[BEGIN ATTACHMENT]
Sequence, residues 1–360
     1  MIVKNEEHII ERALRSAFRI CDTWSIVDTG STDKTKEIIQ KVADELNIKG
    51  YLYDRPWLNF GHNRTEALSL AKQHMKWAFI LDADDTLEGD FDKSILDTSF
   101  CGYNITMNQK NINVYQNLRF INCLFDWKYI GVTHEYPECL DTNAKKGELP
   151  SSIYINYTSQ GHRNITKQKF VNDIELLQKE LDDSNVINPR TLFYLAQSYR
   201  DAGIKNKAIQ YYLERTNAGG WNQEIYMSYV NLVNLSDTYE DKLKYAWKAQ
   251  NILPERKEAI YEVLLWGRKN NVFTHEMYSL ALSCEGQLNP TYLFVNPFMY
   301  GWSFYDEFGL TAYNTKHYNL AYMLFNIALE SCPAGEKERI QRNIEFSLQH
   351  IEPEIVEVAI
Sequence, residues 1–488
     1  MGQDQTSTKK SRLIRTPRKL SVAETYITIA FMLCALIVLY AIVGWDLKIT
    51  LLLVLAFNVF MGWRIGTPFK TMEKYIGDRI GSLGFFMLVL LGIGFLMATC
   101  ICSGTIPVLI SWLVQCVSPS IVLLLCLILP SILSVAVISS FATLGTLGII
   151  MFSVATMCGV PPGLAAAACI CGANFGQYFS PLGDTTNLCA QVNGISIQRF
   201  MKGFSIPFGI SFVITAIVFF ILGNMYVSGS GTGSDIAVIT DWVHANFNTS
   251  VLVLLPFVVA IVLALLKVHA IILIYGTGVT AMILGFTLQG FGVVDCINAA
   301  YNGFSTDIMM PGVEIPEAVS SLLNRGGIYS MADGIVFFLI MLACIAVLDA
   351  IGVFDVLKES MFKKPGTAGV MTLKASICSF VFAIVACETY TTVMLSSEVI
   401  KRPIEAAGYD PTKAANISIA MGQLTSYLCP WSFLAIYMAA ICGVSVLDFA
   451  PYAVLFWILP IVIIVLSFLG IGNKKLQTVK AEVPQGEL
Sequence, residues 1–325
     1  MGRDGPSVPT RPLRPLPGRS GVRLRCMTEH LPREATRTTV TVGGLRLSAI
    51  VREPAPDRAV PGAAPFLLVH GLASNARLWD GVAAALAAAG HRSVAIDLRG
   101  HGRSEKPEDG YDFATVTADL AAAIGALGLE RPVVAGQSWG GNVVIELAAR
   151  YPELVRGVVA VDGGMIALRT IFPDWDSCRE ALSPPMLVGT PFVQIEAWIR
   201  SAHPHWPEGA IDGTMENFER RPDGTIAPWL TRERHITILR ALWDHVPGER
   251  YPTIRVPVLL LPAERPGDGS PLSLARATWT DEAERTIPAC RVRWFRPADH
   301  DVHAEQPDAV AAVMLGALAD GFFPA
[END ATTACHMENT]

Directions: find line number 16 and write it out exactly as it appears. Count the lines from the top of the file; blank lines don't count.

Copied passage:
   251  VLVLLPFVVA IVLALLKVHA IILIYGTGVT AMILGFTLQG FGVVDCINAA